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News Release – Manitoba
March 9, 2012
A record number of medical students has signed up to serve in rural and northern communities that need them the most in exchange for free medical school thanks to a recently expanded doctor-recruitment initiative, Health Minister Theresa Oswald announced today. The free medical school initiative supports the province’s commitment to ensure every Manitoban has access to a family doctor by 2015, the minister said.
“We’re committed to finding new ways to connect Manitobans with a doctor in their community,” said Oswald. “The incredible success we’ve seen in the first year of the free medical school program shows us we’re on the right track to recruiting more doctors to the rural and northern communities where they’re needed most.”This year, over 251 undergraduate medical students and residents signed up for grants through the revamped Medical Student/Resident Financial Assistance Program in exchange for providing medical services after graduation, in under-served rural and northern communities. In total, this will result in nearly 250 years of medical services returned to Manitoba communities, Oswald said.
Under the expanded program, grants range from $12,000 to $25,000 per year, based on the year of study, the student’s specialty and where they choose to work after graduation. Students can apply for grants in each year of medical school and canaccess a maximum of $61,000 over four years, which covers tuition and other costs associated with studying medicine in exchange for a commitment to work for up to two and half years in communities identified as most in need of additional physicians.
“Our goal is to keep the majority of our graduating physicians here to serve the health-care needs of Manitobans across the province,” said Dr. Brian Postl, dean, faculty of medicine, University of Manitoba. “Thanks to this expanded and innovative program, more students are choosing to stay here, take advantage of the tuition-reimbursement incentives offered by the province and practise in under-served communities after graduation. It’s clearly a win-win.”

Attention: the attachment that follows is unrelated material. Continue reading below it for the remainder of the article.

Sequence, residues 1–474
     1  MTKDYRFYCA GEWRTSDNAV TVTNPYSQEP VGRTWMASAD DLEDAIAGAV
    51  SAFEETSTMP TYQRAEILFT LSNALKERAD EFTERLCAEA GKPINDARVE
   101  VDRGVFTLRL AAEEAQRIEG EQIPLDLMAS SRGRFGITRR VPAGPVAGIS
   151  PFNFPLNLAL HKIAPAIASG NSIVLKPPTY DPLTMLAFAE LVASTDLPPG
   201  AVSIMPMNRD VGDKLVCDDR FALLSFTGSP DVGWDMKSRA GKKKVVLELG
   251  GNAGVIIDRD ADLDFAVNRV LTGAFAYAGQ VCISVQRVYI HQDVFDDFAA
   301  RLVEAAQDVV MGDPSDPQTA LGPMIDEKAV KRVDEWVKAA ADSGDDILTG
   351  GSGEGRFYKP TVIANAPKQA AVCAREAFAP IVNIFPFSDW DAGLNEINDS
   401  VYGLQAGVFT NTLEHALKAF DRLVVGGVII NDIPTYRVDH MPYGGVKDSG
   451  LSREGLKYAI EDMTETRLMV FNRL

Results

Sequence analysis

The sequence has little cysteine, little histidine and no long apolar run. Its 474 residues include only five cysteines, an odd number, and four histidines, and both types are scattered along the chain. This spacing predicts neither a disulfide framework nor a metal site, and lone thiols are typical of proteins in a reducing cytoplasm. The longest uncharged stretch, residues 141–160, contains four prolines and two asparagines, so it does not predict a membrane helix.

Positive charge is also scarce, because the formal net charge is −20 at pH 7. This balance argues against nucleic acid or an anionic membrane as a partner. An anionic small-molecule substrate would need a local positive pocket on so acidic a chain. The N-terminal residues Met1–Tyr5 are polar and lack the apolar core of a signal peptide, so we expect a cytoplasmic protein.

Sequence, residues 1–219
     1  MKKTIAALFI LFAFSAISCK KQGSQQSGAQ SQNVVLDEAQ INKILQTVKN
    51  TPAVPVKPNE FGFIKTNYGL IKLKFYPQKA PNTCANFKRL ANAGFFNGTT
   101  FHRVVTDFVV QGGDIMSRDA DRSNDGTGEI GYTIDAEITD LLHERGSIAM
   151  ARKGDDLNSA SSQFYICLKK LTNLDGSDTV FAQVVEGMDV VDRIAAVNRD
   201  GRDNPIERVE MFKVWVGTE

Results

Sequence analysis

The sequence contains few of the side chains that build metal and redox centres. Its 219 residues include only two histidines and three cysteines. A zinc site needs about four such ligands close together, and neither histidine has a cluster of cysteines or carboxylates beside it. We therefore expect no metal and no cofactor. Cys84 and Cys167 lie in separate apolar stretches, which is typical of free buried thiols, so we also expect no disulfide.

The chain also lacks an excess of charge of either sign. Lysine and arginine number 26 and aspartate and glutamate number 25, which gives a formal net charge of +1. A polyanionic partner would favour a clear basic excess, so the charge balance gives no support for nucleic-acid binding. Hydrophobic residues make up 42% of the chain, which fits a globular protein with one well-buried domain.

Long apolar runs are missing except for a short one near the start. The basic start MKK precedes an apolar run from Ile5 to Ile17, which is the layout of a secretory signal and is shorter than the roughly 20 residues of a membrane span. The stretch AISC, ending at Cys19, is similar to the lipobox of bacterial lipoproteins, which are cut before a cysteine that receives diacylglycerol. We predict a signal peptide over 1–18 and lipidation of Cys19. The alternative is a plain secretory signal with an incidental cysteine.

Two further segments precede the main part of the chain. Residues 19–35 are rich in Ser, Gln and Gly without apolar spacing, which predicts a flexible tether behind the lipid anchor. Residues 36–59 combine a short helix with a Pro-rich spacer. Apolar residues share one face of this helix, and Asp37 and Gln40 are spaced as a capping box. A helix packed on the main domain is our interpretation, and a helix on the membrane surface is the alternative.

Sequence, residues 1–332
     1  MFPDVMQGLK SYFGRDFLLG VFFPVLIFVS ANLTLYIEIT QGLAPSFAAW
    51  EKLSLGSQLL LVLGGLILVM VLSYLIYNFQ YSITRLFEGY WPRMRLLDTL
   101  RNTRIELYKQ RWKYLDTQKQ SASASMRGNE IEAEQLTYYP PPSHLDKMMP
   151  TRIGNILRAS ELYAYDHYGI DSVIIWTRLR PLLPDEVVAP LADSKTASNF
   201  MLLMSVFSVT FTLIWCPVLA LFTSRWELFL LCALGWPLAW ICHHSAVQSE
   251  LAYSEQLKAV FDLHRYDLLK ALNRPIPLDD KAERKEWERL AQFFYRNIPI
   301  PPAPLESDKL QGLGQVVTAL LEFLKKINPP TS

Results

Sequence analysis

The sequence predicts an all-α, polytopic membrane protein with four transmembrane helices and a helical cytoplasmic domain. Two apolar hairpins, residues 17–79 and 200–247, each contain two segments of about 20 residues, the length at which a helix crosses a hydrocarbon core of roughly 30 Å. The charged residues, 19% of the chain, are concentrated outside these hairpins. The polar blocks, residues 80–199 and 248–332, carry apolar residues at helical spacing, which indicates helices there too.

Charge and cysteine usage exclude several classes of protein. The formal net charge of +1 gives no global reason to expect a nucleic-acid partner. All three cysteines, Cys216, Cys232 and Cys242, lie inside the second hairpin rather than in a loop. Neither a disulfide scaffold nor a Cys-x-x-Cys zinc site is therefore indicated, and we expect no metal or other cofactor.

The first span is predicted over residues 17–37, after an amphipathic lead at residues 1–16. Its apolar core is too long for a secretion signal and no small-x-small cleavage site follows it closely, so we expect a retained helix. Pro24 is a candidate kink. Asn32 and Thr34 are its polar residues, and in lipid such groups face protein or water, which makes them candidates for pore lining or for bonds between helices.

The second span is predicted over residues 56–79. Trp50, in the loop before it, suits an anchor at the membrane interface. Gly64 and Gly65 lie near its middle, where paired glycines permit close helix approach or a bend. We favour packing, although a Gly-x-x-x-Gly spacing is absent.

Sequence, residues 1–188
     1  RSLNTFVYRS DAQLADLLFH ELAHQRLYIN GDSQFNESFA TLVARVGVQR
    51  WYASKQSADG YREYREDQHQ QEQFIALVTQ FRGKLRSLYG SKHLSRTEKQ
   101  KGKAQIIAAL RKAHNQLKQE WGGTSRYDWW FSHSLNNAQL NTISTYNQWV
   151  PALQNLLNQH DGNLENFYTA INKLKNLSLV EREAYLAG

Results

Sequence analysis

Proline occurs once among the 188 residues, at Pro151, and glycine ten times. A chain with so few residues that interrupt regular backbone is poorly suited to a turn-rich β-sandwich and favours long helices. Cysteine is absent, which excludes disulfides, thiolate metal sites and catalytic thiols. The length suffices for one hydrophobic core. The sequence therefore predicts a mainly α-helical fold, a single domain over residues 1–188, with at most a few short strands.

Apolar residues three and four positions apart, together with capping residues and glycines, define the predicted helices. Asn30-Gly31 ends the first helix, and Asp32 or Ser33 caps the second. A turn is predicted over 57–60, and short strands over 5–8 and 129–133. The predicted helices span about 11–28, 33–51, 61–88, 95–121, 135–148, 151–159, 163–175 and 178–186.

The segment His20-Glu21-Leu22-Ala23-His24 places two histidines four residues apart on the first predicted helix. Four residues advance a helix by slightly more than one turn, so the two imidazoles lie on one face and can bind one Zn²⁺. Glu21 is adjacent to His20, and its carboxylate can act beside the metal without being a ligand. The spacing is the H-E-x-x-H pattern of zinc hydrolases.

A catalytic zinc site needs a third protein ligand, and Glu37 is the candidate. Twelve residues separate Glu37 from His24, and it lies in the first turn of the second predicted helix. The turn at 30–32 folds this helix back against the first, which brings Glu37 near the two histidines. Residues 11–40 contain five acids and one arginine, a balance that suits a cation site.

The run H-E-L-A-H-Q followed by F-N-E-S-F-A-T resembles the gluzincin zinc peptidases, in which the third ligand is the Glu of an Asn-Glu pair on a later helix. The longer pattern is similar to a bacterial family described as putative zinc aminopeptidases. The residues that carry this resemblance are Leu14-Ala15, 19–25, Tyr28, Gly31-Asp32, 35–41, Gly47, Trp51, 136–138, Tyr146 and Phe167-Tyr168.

Since the program was established in 2001, over $35 million has been provided to approximately 1,300 students. Since 1999, rural and northern Manitoba has seen a net increase of 116 doctors.
The minister said Manitoba continues to make many important investments in physician training, recruitment and retention including:
• expanding the Medical Student/Resident Financial Assistance Program to cover the entire cost of a student’s four years of medical school, in exchange for a return-of-service agreement in communities chosen by the province;
• introducing a 60 per cent tuition rebate worth up to $25,000 for graduates who choose to live and work in Manitoba;
• introducing a unique northern/remote residency program to help attract more doctors to northern Manitoba;
• providing grants of $50,000 in return for service for family doctors to return to school to undertake a third year in an advanced-skill area such as emergency medicine or anesthesiology;
• expanding medical school spaces to 110 from 70, creating the largest medical school class on record; and
• introducing the Medical Licensure Program for International Medical Graduates in 2001 to assist foreign doctors in receiving conditional registration.
For more information about the programs, visit www.manitoba.ca/health/msrfap/index.html.
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